But after these seven years of verbal abuse by Israeli leaders, and after failing to unify the Palestinian political command before or after the war this summer, Abbas has lashed out, condoning the current terror and resorting to one of Yasser Arafat’s most destructive tactics: Reframing and inflaming the Jewish-Palestinian turf war into a global religious war. Abbas called on all Muslims to ‘Save al-Aqsa’, ignoring Netanyahu’s repeated assertions that there will be no change of the status quo on the Temple Mount, preferring to exploit the populist rantings of irresponsible Israeli politicians like Tzipi Hotovely and Miri Regev (Likud), who are not taken seriously by most of the Israeli public. We told you he’s a terrorist! Israel’s leaders exulted, proud to have worn out their adversary.
As he has done for 20 years, Netanyahu seeks to prevent all compromise that might lead to a Palestinian state. Addressing the nation in prime time last week, he was like a wax animatronic figure stuck in bullying mode. He denied Abbas’ claim about Al-Aqsa in passing, but exerted far more energy calling Abbas a liar, threatening Palestinians with severe crackdowns and demonstrating his astonishing insensitivity to Israel’s own Palestinian citizens. Meanwhile, his government passed insane laws – 10-20 year sentences for stone throwing – as if that will stop desperate young Palestinians in East Jerusalem. (Imagine them languishing in prison long after former PM Ehud Olmert is released.) It must have reassured Hamas, who saw they have a willing partner for their dance of death.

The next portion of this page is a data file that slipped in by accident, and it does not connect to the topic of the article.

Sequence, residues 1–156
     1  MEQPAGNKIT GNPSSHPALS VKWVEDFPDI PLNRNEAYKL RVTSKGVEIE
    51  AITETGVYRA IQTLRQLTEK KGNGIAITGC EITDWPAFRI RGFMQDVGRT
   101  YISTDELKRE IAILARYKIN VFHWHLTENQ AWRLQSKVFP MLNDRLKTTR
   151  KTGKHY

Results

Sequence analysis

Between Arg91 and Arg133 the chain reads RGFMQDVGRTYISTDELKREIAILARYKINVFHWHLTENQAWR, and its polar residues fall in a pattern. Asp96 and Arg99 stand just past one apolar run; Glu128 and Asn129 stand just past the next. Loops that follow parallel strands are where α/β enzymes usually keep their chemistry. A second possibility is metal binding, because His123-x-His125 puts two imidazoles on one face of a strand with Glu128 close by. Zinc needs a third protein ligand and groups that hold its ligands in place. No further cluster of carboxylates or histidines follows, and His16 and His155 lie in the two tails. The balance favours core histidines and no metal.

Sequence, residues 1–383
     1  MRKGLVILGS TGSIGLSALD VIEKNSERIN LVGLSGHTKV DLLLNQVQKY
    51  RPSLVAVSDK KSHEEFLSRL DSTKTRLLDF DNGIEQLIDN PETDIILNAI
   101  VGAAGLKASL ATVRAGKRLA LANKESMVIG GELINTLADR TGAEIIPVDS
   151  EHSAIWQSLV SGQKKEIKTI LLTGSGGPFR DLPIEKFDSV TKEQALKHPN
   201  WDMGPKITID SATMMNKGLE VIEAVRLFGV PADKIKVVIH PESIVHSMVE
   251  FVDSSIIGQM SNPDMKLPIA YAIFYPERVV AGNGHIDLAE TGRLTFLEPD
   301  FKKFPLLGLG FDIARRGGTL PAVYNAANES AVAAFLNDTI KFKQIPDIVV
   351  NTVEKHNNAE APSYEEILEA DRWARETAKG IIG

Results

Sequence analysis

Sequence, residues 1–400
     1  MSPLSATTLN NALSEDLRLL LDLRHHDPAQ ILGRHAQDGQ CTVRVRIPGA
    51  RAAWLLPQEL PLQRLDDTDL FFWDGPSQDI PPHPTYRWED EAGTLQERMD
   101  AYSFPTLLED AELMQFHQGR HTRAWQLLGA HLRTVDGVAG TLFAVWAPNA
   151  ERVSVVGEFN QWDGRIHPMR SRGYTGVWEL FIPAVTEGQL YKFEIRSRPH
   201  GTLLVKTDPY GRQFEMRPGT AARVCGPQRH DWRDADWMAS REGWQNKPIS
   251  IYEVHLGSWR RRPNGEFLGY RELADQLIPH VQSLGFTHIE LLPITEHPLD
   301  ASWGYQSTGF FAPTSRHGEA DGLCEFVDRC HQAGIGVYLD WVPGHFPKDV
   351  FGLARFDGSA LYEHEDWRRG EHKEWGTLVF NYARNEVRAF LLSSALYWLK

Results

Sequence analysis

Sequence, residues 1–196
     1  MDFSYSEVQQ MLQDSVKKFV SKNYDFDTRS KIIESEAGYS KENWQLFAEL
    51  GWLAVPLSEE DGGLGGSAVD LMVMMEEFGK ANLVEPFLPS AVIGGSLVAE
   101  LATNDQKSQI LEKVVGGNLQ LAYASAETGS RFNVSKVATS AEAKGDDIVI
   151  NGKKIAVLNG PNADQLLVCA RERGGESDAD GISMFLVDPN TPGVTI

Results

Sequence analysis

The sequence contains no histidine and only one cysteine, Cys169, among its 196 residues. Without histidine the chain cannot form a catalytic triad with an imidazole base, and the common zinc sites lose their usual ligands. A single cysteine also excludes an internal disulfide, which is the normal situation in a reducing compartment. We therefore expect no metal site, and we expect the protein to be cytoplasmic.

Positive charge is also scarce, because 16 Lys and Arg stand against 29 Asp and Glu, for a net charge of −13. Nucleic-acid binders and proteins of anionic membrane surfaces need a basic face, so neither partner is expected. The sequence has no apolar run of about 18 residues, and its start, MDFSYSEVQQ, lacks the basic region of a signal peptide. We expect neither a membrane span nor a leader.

There is no Yitzhak Rabin on the horizon, and there is no Palestinian Nelson Mandela, certainly not Marwan Barghouti, calling for a violent intifada from an Israeli prison.
Last week, at one of the annual memorial rallies in Tel Aviv, I saw how Rabin’s legacy and the two-state one-state left-right divide are quietly dissolving - there, in Rabin Square, the location of his assassination and epicenter of leftist pain. Along with tens of thousands of teenagers in varying shades of youth movement blue, I listened to passionate calls for Jewish-Arab coexistence, equal rights, values to replace materialism, calls made primarily by right-wing settlers or their advocates, all of whom, including President Ruby Rivlin, reject the two-state solution for which Rabin lost his life. As much as anything, the gathering celebrated the event-planning collaboration of left-wing youth movements with their right-wing, religious counterpart Bnei Akiva, the vanguard of the settlement movement for more than three decades. It was a further reminder that the settlers have won their campaign for political and social normalization.
If those of us who believe in a two-state solution are to have any chance of making progress, we must find ways to circumvent the tunnel vision of our leaders on both sides, but we also need a more honest look at the real price of Palestinian violence, the depth of hatred and distrust on both sides, and at an Israeli electorate in which settlers are cozily mainstream.
Don Futterman is the program director for Israel of the Moriah Fund, a private American foundation that has been working to promote peace in Israel for more than 25 years. He can be heard weekly on TLV-1’s The Promised Podcast.